Chestnuts belong to the family Fagaceae, which also includes Oaks and Beeches. There are four main species commonly known as European, Chinese, Japanese, and American chestnuts.1
The name "chestnut" is derived from an earlier English term "chesten nut", which descends from the Old French word 'chastain' (Modern French, 'châtaigne'). The chestnut season is brief, but whole peeled chestnuts, either canned, or vacuum-packed, are available from major supermarkets. Dried chestnuts are also available from health food stores, but must be soaked in water overnight then simmered before use.
Fresh chestnuts must always be cooked before use and are never eaten raw, owing to their tannic acid content. You need to remove the chestnuts from their skins by either boiling or roasting them. For both options, first make a small incision in the skin or you'll have a house full of chestnut shrapnel as they will explode. If cooking over an open fire, keep one whole as when this explodes you know the others are done (not a method for the overly house proud!).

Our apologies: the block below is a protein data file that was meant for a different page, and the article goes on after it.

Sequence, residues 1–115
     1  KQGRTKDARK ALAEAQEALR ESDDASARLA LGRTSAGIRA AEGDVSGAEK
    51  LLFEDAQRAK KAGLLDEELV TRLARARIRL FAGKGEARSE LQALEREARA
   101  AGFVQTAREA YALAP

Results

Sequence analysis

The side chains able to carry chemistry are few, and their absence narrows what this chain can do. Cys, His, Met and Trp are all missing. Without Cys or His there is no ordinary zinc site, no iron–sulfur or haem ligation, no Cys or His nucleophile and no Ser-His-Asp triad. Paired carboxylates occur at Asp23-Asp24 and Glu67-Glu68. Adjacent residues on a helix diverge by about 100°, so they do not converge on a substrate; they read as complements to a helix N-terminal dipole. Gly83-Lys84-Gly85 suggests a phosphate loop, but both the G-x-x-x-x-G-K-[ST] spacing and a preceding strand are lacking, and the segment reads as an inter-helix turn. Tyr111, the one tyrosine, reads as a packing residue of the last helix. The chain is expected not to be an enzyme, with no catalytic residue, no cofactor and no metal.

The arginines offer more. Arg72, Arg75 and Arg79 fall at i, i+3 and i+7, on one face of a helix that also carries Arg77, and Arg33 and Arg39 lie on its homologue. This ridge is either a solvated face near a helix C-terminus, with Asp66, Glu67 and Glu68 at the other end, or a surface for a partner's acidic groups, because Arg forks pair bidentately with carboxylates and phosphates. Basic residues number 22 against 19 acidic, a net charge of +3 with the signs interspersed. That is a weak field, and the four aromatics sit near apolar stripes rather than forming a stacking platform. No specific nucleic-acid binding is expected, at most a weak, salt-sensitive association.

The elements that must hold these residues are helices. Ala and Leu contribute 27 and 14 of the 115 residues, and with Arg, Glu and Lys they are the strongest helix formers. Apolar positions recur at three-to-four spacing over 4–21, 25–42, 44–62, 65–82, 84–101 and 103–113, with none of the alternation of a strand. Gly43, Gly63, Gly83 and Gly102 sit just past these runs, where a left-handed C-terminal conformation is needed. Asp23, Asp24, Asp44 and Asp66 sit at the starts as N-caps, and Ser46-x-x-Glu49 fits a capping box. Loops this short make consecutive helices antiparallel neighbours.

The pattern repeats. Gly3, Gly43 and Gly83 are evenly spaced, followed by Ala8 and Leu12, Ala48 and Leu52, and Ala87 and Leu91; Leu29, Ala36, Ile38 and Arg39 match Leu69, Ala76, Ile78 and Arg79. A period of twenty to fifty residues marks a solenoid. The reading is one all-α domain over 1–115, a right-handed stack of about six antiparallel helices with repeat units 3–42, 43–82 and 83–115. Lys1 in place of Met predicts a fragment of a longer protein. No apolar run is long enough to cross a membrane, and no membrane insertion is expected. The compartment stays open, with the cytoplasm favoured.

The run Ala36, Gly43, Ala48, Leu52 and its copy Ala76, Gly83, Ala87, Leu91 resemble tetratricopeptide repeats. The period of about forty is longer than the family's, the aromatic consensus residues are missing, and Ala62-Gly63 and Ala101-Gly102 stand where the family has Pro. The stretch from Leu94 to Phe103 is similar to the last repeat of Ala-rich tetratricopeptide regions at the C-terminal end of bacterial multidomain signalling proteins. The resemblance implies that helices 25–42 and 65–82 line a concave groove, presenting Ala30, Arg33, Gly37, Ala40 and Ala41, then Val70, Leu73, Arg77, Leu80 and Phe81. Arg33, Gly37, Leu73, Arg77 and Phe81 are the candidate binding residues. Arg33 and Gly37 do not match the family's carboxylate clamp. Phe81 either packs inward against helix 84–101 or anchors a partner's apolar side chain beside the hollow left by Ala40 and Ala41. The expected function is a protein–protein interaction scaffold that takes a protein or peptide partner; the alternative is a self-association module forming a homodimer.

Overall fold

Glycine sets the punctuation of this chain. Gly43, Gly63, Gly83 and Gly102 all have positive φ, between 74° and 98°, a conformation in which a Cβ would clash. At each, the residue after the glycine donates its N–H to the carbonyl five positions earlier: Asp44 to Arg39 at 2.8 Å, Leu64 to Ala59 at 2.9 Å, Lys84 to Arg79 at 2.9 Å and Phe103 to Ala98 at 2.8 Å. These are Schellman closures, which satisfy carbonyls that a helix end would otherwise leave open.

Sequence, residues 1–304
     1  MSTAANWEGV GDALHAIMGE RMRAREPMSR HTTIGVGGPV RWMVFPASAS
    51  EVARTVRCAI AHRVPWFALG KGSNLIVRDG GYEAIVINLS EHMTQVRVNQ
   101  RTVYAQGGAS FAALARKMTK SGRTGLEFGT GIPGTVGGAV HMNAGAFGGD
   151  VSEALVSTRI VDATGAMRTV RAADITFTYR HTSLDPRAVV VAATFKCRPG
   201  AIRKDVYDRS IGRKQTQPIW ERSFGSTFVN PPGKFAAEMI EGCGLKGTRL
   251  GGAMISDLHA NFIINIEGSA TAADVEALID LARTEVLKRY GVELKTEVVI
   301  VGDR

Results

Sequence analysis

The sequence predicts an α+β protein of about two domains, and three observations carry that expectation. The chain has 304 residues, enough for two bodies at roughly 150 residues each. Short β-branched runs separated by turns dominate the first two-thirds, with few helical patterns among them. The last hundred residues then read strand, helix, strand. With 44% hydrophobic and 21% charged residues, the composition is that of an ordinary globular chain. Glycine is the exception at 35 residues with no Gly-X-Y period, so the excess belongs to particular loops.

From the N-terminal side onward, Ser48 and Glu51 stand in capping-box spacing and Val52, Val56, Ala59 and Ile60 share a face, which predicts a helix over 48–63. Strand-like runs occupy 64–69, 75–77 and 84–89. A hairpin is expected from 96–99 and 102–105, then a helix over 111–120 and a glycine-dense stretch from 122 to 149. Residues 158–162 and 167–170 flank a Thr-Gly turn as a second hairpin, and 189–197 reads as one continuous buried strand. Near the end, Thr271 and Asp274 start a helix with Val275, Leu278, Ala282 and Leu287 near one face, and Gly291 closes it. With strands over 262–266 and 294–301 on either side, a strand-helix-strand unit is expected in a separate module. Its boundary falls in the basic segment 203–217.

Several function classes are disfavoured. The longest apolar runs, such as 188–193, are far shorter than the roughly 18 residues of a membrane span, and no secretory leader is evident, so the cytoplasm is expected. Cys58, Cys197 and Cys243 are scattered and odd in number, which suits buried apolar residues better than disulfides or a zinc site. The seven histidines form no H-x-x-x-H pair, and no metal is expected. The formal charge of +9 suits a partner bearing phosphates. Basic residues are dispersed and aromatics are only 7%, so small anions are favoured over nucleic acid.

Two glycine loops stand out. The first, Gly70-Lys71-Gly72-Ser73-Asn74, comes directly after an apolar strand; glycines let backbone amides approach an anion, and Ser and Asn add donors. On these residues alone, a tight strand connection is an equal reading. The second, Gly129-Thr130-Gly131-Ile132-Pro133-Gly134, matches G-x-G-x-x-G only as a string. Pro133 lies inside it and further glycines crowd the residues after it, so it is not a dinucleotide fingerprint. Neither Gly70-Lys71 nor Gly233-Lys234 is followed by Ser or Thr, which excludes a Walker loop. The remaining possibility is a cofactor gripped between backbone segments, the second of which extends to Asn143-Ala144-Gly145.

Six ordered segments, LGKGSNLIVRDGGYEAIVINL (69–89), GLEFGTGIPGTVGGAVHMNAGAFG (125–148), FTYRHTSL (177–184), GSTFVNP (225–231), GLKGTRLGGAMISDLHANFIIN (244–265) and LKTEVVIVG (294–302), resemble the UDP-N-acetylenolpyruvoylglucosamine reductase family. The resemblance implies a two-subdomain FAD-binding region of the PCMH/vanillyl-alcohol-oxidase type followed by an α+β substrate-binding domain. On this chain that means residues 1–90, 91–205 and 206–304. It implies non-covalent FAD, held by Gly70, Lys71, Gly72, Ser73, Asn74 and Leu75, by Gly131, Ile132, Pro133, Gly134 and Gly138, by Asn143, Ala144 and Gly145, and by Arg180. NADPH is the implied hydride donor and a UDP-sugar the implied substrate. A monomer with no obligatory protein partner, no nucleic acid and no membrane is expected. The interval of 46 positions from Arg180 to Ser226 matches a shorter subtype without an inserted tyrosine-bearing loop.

Once cooked, peel off the tough shell and the papery thin skin underneath. Peel the nuts whilst hot (it's impossible to peel a cold chestnut!) to ensure the complete removal of the inner brown furry skin, called the 'tan', which is bitter.2
"Chestnuts are quite different from other nuts nutritionally and in a culinary sense. They are only eaten cooked and have a sweet, nutty taste but a texture similar to a firm baked potato rather than the crunchy texture of other nuts. Nutritionally chestnuts are more like a wholegrain than a nut as they are low in fat, contain carbohydrate and are high in dietary fibre. They are also a source of folate and surprisingly contain vitamin C which is not found in other nuts, its no wonder they have just scored a full 5 stars on the health star rating!" 3
REFERENCE: Wikipedia.1 - BBC Goodfood.2 - Chestnuts Australia.3